Mark Halperin’s answers this week in TIME.
Why has intraparty skirmishing finally broken out among the Republican presidential candidates?
The GOP primary race is still mostly a spectator sport for insiders, but — pay attention, people! — real voters will cast real ballots in just six months. Time is growing short for trailing candidates to shake things up. So straggling Tim Pawlenty is attacking supernova Michele Bachmann’s lack of executive experience and belittling her congressional accomplishments. That’s because his fellow Minnesotan’s Iowa surge represents an immediate mortal threat to T-Paw’s candidacy, which could not survive a weak Hawkeye showing. Jon Huntsman, despite promising a campaign of civility, is swiping at Mitt Romney’s record on job creation as Massachusetts governor because Huntsman can’t become a plausible nominee without knocking Romney off his front-runner perch.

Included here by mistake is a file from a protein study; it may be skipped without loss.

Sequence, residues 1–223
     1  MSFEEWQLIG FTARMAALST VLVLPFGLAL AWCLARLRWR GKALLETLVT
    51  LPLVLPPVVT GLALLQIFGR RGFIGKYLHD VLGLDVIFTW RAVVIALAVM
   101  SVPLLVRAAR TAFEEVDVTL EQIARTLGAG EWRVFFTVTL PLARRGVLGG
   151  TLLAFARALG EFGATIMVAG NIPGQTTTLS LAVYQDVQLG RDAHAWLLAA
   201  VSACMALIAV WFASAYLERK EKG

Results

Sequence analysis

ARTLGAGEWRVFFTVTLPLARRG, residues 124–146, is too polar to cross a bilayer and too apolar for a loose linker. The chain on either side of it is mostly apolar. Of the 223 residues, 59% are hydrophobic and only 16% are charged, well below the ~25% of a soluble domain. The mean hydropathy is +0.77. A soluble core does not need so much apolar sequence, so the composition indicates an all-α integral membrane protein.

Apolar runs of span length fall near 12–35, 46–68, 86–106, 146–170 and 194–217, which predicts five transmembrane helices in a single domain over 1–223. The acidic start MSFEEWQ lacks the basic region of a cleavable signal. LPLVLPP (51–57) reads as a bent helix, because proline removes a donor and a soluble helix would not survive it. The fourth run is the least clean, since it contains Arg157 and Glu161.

What do the candidates hope to accomplish with these new tactics?
Huntsman and his advisers realize that after generating a lot of preannouncement buzz, they failed to deliver a juggernaut. But they understand an iron law of politics: the media abhor an unchallenged front-runner. There’s still ample hope for whoever is positioned as the Romney alternative, especially since Republicans remain wishy-washy on his candidacy. Hence the increased jockeying among the most likely substitutes. Bachmann, meanwhile, is treading carefully through the media freak show to soothe GOP fears about her electability.
What are the upcoming milestones in the nomination contest?
Texas Governor Rick Perry looks as if he’s fixin’ to run. Despite the late start, his tough conservatism and sleek appeal could still vault him to the front of the pack. Ditto megaceleb Sarah Palin. Early August will bring a closely scrutinized GOP debate plus an Iowa straw poll that is symbolic but has the power to cripple a candidate who bombs.